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90s Slang You Should Know


[vawn-ting, vahn-] /ˈvɔn tɪŋ, ˈvɑn-/
having a boastfully proud disposition:
a vaunting dictator.
marked by boastful pride:
a vaunting air of superiority.
Origin of vaunting
First recorded in 1580-90; vaunt + -ing2
Related forms
self-vaunting, adjective


[vawnt, vahnt] /vɔnt, vɑnt/
verb (used with object)
to speak vaingloriously of; boast of:
to vaunt one's achievements.
verb (used without object)
to speak boastfully; brag.
a boastful action or utterance.
1350-1400; Middle English vaunten < Middle French vanter to boast < Late Latin vānitāre, frequentative of *vānāre, derivative of Latin vānus vain. See vanity
Related forms
vaunter, noun
vauntingly, adverb
outvaunt, verb (used with object) Unabridged
Based on the Random House Dictionary, © Random House, Inc. 2017.
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Examples from the Web for vaunting
Historical Examples
  • Would to God, Richard, or any of his vaunting minions of England, would appear in these lists!

    Ivanhoe Walter Scott
  • The savage looked around him with a vaunting air as he uttered these words.

    The Scalp Hunters Mayne Reid
  • Whilst his friend was vaunting his courage, Harry looked, to say the truth, by no means courageous.

    The Virginians William Makepeace Thackeray
  • And I who fought so bravely for the glory And might which now the vaunting tyrants boast!

    Early Plays Henrik Ibsen
  • It was not for him to go out of his way to champion the cause either of cruel Assyria or vaunting Babylon.

    The Expositor's Bible F. W. Farrar
  • America is relieved of the need of vaunting herself upon it.

    The History of Cuba, vol. 1 Willis Fletcher Johnson
  • Val did not know that an American is never so happy as when he is vaunting his womenkind.

    The Open Question Elizabeth Robins
  • That our bravery is of the vaunting kind that telleth of itself?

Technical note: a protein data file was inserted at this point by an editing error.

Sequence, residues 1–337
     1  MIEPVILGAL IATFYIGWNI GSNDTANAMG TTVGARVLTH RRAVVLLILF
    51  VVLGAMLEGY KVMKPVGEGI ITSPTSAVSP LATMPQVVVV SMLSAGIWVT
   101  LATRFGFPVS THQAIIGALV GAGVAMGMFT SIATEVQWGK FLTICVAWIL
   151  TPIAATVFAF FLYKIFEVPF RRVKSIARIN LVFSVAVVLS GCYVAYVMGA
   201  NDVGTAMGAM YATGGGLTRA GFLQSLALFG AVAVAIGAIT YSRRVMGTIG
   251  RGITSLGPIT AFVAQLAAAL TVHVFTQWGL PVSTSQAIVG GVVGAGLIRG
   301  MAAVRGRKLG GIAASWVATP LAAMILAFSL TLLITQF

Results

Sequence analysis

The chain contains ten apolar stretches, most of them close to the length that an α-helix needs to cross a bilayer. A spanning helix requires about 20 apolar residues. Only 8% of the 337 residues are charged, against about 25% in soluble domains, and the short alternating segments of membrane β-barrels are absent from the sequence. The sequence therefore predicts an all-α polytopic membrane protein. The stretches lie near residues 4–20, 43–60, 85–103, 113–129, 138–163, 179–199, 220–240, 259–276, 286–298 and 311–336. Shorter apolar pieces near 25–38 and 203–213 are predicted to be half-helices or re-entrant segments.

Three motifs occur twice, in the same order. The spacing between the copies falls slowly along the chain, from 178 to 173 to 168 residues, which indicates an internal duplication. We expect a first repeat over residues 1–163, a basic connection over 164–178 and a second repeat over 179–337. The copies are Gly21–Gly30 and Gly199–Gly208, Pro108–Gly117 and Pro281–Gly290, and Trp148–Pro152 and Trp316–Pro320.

• Here their vaunting hopes were destined to meet with the first disappointment.

  • She does not need to pose, for she knows her own power without ever vaunting it.

    The Reconstructed School Francis B. Pearson
British Dictionary definitions for vaunting


(transitive) to describe, praise, or display (one's success, possessions, etc) boastfully
(intransitive) (rare or literary) to use boastful language; brag
a boast
(archaic) ostentatious display
Derived Forms
vaunter, noun
Word Origin
C14: from Old French vanter, from Late Latin vānitāre to brag, from Latin vānusvain
Collins English Dictionary - Complete & Unabridged 2012 Digital Edition
© William Collins Sons & Co. Ltd. 1979, 1986 © HarperCollins
Publishers 1998, 2000, 2003, 2005, 2006, 2007, 2009, 2012
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Word Origin and History for vaunting



c.1400, "speak vainly or proudly," from Middle French vanter "to praise, speak highly of," from Late Latin vanitare "to boast," frequentative of Latin vanare "to utter empty words," from vanus "idle, empty" (see vain). Related: Vaunted; vaunting.

Online Etymology Dictionary, © 2010 Douglas Harper
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